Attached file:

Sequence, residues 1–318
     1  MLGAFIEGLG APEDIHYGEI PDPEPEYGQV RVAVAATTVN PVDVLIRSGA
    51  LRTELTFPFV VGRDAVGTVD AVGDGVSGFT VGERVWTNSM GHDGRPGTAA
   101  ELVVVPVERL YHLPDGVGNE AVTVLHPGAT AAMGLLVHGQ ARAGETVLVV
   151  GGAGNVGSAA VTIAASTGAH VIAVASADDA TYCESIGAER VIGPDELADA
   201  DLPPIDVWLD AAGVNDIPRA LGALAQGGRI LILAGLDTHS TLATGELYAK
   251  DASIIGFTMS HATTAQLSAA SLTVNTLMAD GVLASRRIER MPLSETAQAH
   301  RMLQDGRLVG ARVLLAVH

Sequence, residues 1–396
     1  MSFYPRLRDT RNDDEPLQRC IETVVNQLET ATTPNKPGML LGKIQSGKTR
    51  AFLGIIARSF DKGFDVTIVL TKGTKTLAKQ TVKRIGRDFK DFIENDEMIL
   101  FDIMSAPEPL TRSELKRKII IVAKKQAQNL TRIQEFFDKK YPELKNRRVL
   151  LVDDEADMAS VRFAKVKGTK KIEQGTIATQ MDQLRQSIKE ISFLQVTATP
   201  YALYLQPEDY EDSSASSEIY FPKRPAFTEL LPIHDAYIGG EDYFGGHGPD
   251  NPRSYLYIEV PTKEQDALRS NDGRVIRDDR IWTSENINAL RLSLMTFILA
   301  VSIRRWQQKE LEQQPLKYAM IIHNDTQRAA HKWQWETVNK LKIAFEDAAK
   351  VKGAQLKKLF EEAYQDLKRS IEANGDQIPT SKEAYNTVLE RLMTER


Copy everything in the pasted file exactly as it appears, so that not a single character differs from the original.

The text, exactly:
Sequence, residues 1–318
     1  MLGAFIEGLG APEDIHYGEI PDPEPEYGQV RVAVAATTVN PVDVLIRSGA
    51  LRTELTFPFV VGRDAVGTVD AVGDGVSGFT VGERVWTNSM GHDGRPGTAA
   101  ELVVVPVERL YHLPDGVGNE AVTVLHPGAT AAMGLLVHGQ ARAGETVLVV
   151  GGAGNVGSAA VTIAASTGAH VIAVASADDA TYCESIGAER VIGPDELADA
   201  DLPPIDVWLD AAGVNDIPRA LGALAQGGRI LILAGLDTHS TLATGELYAK
   251  DASIIGFTMS HATTAQLSAA SLTVNTLMAD GVLASRRIER MPLSETAQAH
   301  RMLQDGRLVG ARVLLAVH

Sequence, residues 1–396
     1  MSFYPRLRDT RNDDEPLQRC IETVVNQLET ATTPNKPGML LGKIQSGKTR
    51  AFLGIIARSF DKGFDVTIVL TKGTKTLAKQ TVKRIGRDFK DFIENDEMIL
   101  FDIMSAPEPL TRSELKRKII IVAKKQAQNL TRIQEFFDKK YPELKNRRVL
   151  LVDDEADMAS VRFAKVKGTK KIEQGTIATQ MDQLRQSIKE ISFLQVTATP
   201  YALYLQPEDY EDSSASSEIY FPKRPAFTEL LPIHDAYIGG EDYFGGHGPD
   251  NPRSYLYIEV PTKEQDALRS NDGRVIRDDR IWTSENINAL RLSLMTFILA
   301  VSIRRWQQKE LEQQPLKYAM IIHNDTQRAA HKWQWETVNK LKIAFEDAAK
   351  VKGAQLKKLF EEAYQDLKRS IEANGDQIPT SKEAYNTVLE RLMTER